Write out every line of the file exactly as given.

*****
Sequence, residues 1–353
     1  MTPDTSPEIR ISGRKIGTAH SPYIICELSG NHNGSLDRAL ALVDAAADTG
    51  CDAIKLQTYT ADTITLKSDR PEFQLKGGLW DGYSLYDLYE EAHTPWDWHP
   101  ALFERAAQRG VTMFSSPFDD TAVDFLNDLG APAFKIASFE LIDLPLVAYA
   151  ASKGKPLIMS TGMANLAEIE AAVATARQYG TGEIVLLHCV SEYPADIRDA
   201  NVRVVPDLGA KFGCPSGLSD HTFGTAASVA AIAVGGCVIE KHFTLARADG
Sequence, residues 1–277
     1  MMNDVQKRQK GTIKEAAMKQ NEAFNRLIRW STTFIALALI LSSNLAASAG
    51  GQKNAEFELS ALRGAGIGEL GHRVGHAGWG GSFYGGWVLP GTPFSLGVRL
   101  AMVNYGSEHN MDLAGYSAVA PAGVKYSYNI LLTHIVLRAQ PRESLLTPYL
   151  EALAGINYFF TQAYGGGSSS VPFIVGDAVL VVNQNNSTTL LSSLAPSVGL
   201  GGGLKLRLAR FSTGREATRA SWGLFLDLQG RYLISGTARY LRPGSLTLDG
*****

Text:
Sequence, residues 1–353
     1  MTPDTSPEIR ISGRKIGTAH SPYIICELSG NHNGSLDRAL ALVDAAADTG
    51  CDAIKLQTYT ADTITLKSDR PEFQLKGGLW DGYSLYDLYE EAHTPWDWHP
   101  ALFERAAQRG VTMFSSPFDD TAVDFLNDLG APAFKIASFE LIDLPLVAYA
   151  ASKGKPLIMS TGMANLAEIE AAVATARQYG TGEIVLLHCV SEYPADIRDA
   201  NVRVVPDLGA KFGCPSGLSD HTFGTAASVA AIAVGGCVIE KHFTLARADG
Sequence, residues 1–277
     1  MMNDVQKRQK GTIKEAAMKQ NEAFNRLIRW STTFIALALI LSSNLAASAG
    51  GQKNAEFELS ALRGAGIGEL GHRVGHAGWG GSFYGGWVLP GTPFSLGVRL
   101  AMVNYGSEHN MDLAGYSAVA PAGVKYSYNI LLTHIVLRAQ PRESLLTPYL
   151  EALAGINYFF TQAYGGGSSS VPFIVGDAVL VVNQNNSTTL LSSLAPSVGL
   201  GGGLKLRLAR FSTGREATRA SWGLFLDLQG RYLISGTARY LRPGSLTLDG